ac·​rid ˈa-krəd How to pronounce acrid (audio)
: sharp and harsh or unpleasantly pungent in taste or odor : irritating
acrid smoke
: deeply or violently bitter : acrimonious
an acrid denunciation
acridity noun
acridly adverb
acridness noun

Did you know?

Acrid exactly fits the smoke from a fire—a burning building or forest, for example. Dense smog may cast an acrid pall over a city, making throats burn and eyes sting. But, like acid and acerbic, acrid sometimes also describes nonphysical things, such as the remarks of a bitter person.

Choose the Right Synonym for acrid

caustic, mordant, acrid, scathing mean stingingly incisive.

caustic suggests a biting wit.

caustic comments

mordant suggests a wit that is used with deadly effectiveness.

mordant reviews of the play

acrid implies bitterness and often malevolence.

acrid invective

scathing implies indignant attacks delivered with fierce severity.

a scathing satire

Example Sentences

Thick, acrid smoke rose from the factory. there have been acrid relations between the two families ever since they fought over that strip of land
Recent Examples on the Web Some argued the work was an acrid but intelligent criticism of mass-production, even of capitalism, while others saw a more comforting wall of soup, more about America and post-war options and prosperity. Alexandra Peers, CNN, 9 July 2022 Not least, a Republican chief executive could rebrand the party and improve its acrid image in the state. Los Angeles Times, 13 Jan. 2022 Miles away from the fires, the smoke still left an acrid taste in my mouth. New York Times, 11 Aug. 2021 As the evening went on, Dylan’s voice became more acrid. Mick Stevens, The New Yorker, 12 Aug. 2021 The acrid smoke from massive wildfires that ignited in rural eastern Washington last Labor Day weekend drifted over the Cascades before blanketing the state’s populous western flank. Lindsey Mcginnis, The Christian Science Monitor, 9 Aug. 2021 Sparks fly where steel is being burned, and an acrid, choking smoke billows up when a torch sets off insulation or oil or something else flammable. Jacques Kelly,, 9 Aug. 2021 There is a moment when the sugars in a black plantain will begin to ferment and release a slightly acrid smell. New York Times, 6 Aug. 2021 On edge after months of lockdown, widespread infection and death, and a highly acrid political climate, people across the political spectrum nurtured a handful of increasingly fantastical explanations for the dismal state of things. J.c. Pan, The New Republic, 1 Oct. 2020 See More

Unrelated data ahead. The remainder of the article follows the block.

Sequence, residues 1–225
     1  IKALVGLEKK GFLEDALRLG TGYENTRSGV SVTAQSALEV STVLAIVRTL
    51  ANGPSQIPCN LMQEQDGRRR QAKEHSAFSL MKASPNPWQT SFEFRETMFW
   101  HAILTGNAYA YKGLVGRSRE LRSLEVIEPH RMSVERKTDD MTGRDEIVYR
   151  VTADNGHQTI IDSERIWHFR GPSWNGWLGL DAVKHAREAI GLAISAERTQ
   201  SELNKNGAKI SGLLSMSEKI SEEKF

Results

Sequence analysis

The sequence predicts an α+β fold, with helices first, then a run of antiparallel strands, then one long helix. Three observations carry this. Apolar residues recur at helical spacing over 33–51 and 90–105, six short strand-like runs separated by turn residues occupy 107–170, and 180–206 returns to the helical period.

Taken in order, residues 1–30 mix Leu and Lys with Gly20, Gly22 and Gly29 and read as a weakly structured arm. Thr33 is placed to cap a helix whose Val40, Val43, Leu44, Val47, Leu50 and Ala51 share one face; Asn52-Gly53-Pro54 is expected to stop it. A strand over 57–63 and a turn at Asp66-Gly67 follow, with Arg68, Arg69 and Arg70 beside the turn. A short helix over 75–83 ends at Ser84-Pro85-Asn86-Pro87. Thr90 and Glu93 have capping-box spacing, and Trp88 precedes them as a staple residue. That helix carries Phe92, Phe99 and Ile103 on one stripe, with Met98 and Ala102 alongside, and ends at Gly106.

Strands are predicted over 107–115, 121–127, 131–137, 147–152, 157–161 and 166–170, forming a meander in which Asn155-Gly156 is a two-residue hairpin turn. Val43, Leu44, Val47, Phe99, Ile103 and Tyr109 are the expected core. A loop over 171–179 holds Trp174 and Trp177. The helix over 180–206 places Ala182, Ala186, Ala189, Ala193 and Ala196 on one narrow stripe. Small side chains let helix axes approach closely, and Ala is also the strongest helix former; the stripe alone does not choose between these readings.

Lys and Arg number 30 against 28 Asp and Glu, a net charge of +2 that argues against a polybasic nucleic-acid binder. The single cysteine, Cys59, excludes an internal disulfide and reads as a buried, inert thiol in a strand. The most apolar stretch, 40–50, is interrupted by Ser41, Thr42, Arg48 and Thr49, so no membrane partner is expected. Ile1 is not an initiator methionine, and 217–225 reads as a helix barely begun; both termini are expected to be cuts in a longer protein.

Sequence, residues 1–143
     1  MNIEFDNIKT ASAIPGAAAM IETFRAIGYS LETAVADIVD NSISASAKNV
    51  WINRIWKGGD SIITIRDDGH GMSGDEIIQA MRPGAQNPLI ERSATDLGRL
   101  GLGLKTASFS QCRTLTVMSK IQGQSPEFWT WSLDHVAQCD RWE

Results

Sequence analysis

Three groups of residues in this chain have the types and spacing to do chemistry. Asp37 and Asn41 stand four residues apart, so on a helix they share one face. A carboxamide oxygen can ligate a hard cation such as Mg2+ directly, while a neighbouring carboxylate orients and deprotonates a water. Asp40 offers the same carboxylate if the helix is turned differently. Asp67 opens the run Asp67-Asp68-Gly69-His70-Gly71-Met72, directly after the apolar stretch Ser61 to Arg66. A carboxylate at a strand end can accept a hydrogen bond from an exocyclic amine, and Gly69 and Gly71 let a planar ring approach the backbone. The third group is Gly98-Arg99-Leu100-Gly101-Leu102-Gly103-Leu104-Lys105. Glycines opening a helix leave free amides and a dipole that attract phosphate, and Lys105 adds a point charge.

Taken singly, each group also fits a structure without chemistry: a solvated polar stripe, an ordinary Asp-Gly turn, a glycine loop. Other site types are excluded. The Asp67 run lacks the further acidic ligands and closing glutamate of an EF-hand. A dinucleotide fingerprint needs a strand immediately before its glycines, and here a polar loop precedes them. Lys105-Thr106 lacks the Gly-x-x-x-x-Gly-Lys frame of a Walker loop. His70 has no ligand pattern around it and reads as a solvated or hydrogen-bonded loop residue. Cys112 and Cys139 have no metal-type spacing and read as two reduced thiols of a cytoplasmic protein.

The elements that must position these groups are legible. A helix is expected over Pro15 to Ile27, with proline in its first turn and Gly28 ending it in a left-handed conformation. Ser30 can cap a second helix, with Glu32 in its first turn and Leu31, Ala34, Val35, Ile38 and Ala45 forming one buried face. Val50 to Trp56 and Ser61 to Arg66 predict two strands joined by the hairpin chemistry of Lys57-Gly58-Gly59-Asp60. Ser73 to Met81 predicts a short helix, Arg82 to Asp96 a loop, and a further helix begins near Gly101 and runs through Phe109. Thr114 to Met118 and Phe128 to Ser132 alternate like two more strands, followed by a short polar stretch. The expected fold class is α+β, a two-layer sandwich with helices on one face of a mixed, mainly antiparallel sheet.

These example sentences are selected automatically from various online news sources to reflect current usage of the word 'acrid.' Views expressed in the examples do not represent the opinion of Merriam-Webster or its editors. Send us feedback.

Word History


Latin ācr-, ācer "sharp, pungent, biting" + the English formative -id (as in acid entry 2); replacing acrious, from Latin ācer + -ious — more at acr-

First Known Use

1633, in the meaning defined at sense 1

Time Traveler
The first known use of acrid was in 1633

Dictionary Entries Near acrid

Cite this Entry

“Acrid.” Dictionary, Merriam-Webster, Accessed 7 Dec. 2022.

Kids Definition


ac·​rid ˈak-rəd How to pronounce acrid (audio)
: biting or bitter in taste or odor
: bitterly irritating to the feelings
an acrid remark
acridly adverb
acridness noun

Medical Definition


ac·​rid ˈak-rəd How to pronounce acrid (audio)
: irritatingly sharp and harsh or unpleasantly pungent in taste or odor
acridly adverb

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